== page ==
About Rouen Castle
Rouen Castle was a fortified ducal and royal residence in the city of Rouen in Normandy. The original medieval castle was built by Philip II of France in the 13th century following his capture of the duchy from John I, Duke of Normandy and King of England.
Today, the castle’s donjon remains within the modern town and is open to the public.
Rouen Castle history
Located in a dominant position outside the medieval town to its north, Rouen Castle was built between 1204 and 1210. As the capital of the duchy of Normandy, Rouen Castle was the main seat of power, administration and politics in the duchy of Normandy for nearly 400 years.
Resultantly, the castle played a military role in the Hundred Years’ War, as the English royals of the Plantagenets and Lancaster families bitterly wrestled with the Kings of France and Anjou for the territories of Normandy and Aquitaine.
It was also at Rouen Castle that Joan of Arc was imprisoned in December 1430 and tried from 21 February to 23 May 1431. While Joan was held at the now-lost gatehouse called the Tour de la Pucelle, it was in the castle’s donjon, built in 1204, within which she was threatened with instruments of torture.
Several years later, King Edward IV of England was born at Rouen in 1442. The castle saw further conflict during the French Wars of Religion. Vulnerable to artillery like other medieval fortresses, all but the keep (now known as the Tour Jeanne d’Arc) was destroyed at the end of the 16th century under orders from Henry IV in 1591.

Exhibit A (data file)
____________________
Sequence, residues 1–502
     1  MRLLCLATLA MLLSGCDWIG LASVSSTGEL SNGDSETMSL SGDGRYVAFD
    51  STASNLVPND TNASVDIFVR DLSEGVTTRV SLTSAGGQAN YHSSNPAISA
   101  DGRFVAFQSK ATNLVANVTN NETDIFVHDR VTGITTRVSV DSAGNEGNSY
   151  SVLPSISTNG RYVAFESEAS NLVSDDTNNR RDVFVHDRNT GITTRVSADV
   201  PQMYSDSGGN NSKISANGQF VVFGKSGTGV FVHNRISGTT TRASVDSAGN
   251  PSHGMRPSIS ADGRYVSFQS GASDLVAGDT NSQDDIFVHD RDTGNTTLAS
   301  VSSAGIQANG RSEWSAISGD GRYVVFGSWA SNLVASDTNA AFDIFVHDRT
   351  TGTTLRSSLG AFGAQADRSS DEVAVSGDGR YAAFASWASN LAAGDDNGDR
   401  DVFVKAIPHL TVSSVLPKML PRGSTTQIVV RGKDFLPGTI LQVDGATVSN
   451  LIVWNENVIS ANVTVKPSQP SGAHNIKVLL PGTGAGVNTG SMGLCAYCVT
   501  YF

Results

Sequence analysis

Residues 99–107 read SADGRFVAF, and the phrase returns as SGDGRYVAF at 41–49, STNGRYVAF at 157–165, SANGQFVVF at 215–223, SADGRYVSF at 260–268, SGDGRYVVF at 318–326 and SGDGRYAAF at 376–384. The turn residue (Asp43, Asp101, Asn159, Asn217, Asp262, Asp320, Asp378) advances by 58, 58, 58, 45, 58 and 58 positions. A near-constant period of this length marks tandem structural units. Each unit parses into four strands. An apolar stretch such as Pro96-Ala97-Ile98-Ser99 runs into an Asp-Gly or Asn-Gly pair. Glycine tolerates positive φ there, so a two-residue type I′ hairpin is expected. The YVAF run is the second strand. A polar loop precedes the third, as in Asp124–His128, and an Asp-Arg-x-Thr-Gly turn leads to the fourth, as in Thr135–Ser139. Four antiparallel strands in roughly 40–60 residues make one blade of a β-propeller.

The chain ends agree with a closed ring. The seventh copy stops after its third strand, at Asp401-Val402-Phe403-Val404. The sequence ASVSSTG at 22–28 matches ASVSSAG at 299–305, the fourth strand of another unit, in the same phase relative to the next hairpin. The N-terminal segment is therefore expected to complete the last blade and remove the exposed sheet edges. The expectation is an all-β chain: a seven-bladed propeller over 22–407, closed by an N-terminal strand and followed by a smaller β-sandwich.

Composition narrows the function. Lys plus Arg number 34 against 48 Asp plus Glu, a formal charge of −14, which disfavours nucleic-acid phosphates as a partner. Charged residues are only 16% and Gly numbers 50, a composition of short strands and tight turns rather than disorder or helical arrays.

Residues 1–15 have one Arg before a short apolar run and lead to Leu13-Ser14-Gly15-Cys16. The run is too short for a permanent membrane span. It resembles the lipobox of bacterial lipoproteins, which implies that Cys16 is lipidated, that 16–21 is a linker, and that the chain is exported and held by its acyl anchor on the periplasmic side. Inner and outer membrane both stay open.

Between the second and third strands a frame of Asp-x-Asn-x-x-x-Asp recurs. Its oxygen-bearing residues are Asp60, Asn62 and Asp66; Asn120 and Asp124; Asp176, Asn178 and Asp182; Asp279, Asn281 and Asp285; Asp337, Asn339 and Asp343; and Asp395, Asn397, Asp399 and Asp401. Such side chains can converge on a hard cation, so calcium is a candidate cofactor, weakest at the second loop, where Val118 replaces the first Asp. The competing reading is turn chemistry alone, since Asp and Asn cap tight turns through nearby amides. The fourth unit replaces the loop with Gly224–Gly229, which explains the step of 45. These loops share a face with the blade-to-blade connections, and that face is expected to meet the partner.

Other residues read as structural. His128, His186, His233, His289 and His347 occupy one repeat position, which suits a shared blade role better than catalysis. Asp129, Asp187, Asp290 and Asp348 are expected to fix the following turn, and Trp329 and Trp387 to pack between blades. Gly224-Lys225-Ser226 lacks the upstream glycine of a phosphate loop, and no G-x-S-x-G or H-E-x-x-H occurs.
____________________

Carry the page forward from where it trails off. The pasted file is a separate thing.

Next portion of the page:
Reduced to its foundations, restoration to Rouen Castle began in the 1870s so that by World War Two, the tower’s pointed roof had to be camouflaged and was used as a bunker by occupying Germans.
Rouen Castle today
Open to the public, Rouen Castle’s donjon continues to stand within the modern town with its 12 foot-thick walls reaching 90 feet high. It is perhaps due to the castle’s association with France’s famed female saviour, Joan of Arc, that Rouen has survived so long, allowing visitors to cross the footbridge into the keep to explore the museum.
You can also join the ‘Hyper Escape Game’ from Rouen Dungeons, an virtual reality game that immerses you within the Hundred Years War. Within the game, you can tour the exhibition, touching and interacting with the objects.
Getting to Rouen Castle
Nestled within the centre of Rouen, the castle is just off the D938 main road through the city. It is easily reached via public transport: the Gare de Rouen train station has regular links to Dieppe, Caen, Paris, Amiens and Le Havre, and the light railway stops there too, just across the road from Rouen Castle.
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